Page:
Historically, CFL players used a simple, three-step process to labour peace.
1. Hold nose and close eyes.
2. Open the peepers just enough to see the dotted line on the Collective Bargaining Agreement document.
3. Sign – and get the hell back to work before someone docks you a day’s pay.
Things have changed around the old league, and not just because, with Ottawa’s return this spring, it’s a nine-team loop again for the first time since 2005. Ottawa’s team-to-be-named-later, which became the Redblacks, paid $7 million for the privilege of being an “expansion” franchise (never mind that the club history dates back to 1876).
The size of the fee was indicative of a new, more prosperous CFL than the one some of us recall from the dire 1990s, when the league’s eastern teams took turns knocking on death’s door, before the Ottawa Rough Riders fell through that door in 1996.
At the time, round trip service to Mars would have seemed a more likely bet for the near future than the new, five-year TSN television contract that pumps an average of $42 million into CFL coffers each year. Ditto for plans to build new stadiums in Ottawa, Regina and Hamilton, to go with last year’s beautiful new facility in Winnipeg. Only Toronto is a bit of an orphan on the stadium/ownership front. This, too, shall pass.
Overall, attendance is strong, corporate sponsorship is growing, in step with a league that is light years more polished and professional than the one the Ottawa Renegades left in 2005.
So, when the CFL Players Association representatives sat down with commissioner Mark Cohon and friends Wednesday asking for a small piece of this juicy pie, good on ‘em. A concept of revenue sharing, with a salary cap tied to ongoing revenues, starting with a cap jump to $6.24 million from the current $4.4 million – or some number in between? Welcome to the way today’s North American sports leagues do business. Success is shared. Downturns, too. Leagues and players are partners.
There are other, smaller potatoes, on the table: Average player salaries, which the league has offered to boost to $92,917. An increase of the minimum salary to $50,000, up from the $45,000 (the players want the new minimum to jump by another $1,000 for each year of the new deal).
It’s easy to see where these issues can be settled with a small measure of compromise. The stickler is revenue sharing, which the players agreed to take off the table four years ago during the last negotiation, but are digging in on now.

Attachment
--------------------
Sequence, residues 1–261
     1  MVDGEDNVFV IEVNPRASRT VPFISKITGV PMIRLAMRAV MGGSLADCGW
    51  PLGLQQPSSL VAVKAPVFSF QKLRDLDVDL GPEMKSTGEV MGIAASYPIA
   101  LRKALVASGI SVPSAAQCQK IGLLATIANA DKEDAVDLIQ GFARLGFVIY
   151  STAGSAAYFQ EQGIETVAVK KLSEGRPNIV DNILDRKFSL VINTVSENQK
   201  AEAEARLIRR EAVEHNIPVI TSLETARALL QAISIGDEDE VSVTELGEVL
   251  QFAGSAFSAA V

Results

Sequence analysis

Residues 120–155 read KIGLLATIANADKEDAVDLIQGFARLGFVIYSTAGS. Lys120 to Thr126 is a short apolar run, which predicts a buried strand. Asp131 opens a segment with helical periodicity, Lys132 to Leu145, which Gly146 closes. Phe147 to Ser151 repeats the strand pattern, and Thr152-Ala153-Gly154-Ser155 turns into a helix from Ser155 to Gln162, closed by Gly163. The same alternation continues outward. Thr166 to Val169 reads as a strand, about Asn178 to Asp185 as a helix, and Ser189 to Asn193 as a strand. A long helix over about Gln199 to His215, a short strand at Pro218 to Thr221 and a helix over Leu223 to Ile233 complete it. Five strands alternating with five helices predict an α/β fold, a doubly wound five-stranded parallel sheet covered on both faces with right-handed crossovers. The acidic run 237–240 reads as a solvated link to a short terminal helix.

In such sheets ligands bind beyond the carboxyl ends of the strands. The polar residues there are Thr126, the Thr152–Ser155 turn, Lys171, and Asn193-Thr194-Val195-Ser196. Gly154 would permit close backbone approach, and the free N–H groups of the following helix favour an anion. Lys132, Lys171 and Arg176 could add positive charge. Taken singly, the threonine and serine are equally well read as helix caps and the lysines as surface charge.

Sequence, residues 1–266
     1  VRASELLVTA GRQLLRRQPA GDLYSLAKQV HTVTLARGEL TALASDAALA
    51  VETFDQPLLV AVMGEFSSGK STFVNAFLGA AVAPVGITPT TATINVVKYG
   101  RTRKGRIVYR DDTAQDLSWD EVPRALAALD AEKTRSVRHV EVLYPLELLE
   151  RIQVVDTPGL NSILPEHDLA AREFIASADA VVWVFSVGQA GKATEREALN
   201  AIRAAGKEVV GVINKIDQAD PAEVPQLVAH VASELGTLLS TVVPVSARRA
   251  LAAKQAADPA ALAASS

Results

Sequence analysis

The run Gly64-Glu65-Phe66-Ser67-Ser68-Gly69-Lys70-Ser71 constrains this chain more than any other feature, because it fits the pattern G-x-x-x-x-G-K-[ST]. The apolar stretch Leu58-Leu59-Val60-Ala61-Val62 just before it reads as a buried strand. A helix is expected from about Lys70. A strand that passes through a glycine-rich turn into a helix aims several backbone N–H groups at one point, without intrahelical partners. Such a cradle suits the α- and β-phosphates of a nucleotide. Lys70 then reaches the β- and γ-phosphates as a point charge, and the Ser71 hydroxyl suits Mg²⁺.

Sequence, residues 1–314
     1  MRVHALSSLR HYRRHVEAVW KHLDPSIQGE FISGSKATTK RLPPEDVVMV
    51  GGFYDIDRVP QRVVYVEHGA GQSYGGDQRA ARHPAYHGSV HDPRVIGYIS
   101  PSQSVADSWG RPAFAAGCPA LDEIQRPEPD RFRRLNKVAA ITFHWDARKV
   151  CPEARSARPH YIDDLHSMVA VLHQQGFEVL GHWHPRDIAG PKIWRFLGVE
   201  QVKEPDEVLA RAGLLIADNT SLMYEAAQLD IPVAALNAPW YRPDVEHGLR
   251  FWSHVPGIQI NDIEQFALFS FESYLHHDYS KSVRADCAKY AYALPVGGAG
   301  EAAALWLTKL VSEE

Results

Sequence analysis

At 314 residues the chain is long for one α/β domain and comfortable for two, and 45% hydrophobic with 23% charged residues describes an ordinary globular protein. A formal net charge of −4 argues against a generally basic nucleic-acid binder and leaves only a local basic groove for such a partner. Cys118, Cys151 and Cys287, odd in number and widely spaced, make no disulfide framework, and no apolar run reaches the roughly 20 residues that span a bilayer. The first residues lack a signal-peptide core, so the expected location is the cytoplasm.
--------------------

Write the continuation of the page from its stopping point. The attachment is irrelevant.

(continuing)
As they should. Players have been labour pushovers for so long, the league must be shocked to see them acting all “uppity” this time around. While insisting it only wants a deal that’s “fair,” CFL management went behind the backs of the bargaining committee last week to pen an open letter to players and fans pleading its case. In that published letter, Cohon’s suggestion that revenue sharing would “threaten the very existence of the CFL” was over-the-top fear mongering.
Of course, I’d feel better about the players chances in this fight if their counsel, Ed Molstad, wasn’t the one who gave away revenue sharing in 2010, a fact that will surely steel the resolve of management types to bully their way around tying a cap to revenues.
I prefer the passion of CFLPA president Scott Flory who has to flee the “dark ages” of the CFL past, when players were dictated to, and a few teams were losing enough money to make them feel guilty for asking for more.
Those days are gone, replaced, in relative terms, by an age of affluence. The CFL and its ever-grinning commissioner are riding high and can imagine a future that includes a 10-team league, with a club on the east coast, all comfortably thriving on its lifeblood deal with TSN, plus likely gains in league-wide attendance and corporate sponsorships.
That Ottawa Redblacks tickets are flying off the shelves in the weeks leading up to the historic opener, in a city that has been without CFL football for 15 of the last 20 years, and drowned in misery the other five, speaks to the league renaissance.
Power to the players for wanting a fair share of present and future revenues. Shame about a possible training camp delay – especially for an Ottawa team trying to end nine years of inertia – but this resolution could be worth the labour pains.
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